I’ve heard a lot about detox teas lately, so having never tried one before I did what any person addicted to tea would do—I ordered several different brands to try out side-by-side. Today I want to talk a little bit about what effects these teas had when I tried them and of course, how safe these teas are to consume. Let's start with the most important question first:
Are detox teas safe?
Detox teas may be made up of herbal, all-natural ingredients, but they aren't safe for everyone to consume. Many of the herbal ingredients have negative interactions with both over-the-counter (OTC) and prescription drugs. You should always talk to a doctor before starting a detox regimen or herbal supplement.
This is something I can't stress enough.
If you aren't able to consult with your doctor, you may want to consider using the WebMD Vitamin and Supplement checker or Natural Medicines Comprehensive Database to learn more about the ingredients in your detox tea and possible interactions you may encounter. Do not rely purely on my information or information from these databases to determine whether it is safe for you to begin a detox or teatox regimen. I am not a doctor and this should not be considered medical advice.
I also feel that it must be said, you should never give detox teas to children. The laxative effect these teas have will cause severe dehydration and may cause an electrolyte imbalance or other serious healthy issues. That's right, detox teas work as a laxative—in other words they make you poop—a lot. Just thought I'd throw that out there in case you weren't aware. I also promise to keep the talk about poop to a minimum—this is a food blog after all. But all joking aside, detox teas can cause severe dehydration even in an otherwise healthy adult, it's one of the rarely talked about, yet dangerous side effects of these teas.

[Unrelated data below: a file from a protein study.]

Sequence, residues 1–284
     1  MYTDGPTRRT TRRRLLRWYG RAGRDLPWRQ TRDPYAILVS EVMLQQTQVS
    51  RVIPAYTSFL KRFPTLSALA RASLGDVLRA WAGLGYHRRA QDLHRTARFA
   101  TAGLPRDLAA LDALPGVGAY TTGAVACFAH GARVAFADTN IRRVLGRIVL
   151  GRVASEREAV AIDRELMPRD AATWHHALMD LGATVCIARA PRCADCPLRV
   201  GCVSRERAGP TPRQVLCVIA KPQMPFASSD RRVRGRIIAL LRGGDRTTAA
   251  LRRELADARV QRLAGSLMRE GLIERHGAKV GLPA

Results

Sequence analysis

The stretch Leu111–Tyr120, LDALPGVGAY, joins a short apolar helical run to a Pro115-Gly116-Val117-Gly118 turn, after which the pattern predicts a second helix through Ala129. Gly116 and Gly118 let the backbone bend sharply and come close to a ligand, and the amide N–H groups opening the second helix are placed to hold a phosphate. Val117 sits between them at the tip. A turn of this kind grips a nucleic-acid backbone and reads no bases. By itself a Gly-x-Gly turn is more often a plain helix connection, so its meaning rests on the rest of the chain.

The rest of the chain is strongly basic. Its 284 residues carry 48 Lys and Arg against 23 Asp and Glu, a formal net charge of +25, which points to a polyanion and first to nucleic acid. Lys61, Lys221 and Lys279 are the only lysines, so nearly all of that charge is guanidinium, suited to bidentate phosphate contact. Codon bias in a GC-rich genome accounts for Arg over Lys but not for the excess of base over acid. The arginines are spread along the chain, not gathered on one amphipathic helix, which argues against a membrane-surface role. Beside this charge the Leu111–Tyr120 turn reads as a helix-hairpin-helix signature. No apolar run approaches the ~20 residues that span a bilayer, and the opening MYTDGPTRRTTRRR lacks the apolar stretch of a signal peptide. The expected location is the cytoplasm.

Do detox teas really work, or is it all hype?
I think that largely depends on which brand you choose and what you're hoping to get out of your detox regimen. If you've overindulged recently and are looking to get your diet back on track or are having some trouble keeping things regular, you may see some benefit from a detox regimen when combined with healthy diet and lifestyle changes. But, if you're looking to lose a lot of weight in a short period of time, you'll most likely be disappointed. The weight loss you generally see from detox teas isn't sustainable because many times you've lost water weight thanks to the laxative effects of detox teas rather than actual pounds. Once you stop your detox regimen and go back to your normal diet the weight will slowly come back and sometimes bring a few spare pounds along as friends.
For the sake of today's post I tried out three different brands of detox teas over several months time: 14 Day Cleanse - Organic Detox Tea from Green Root Wellness, 14 Day Detox Tea from Hint Wellness, and E-Z Detox Tea from YoungYou International. What I discovered was that these teas definitely had a cleansing effect (I've never spent to much time on the toilet in my life) but they also left me feeling tired, run down, and cranky. My detox regimen also affected how often I could leave the house as I needed to stay fairly close to the bathroom at all times—something I hadn't really considered in the beginning.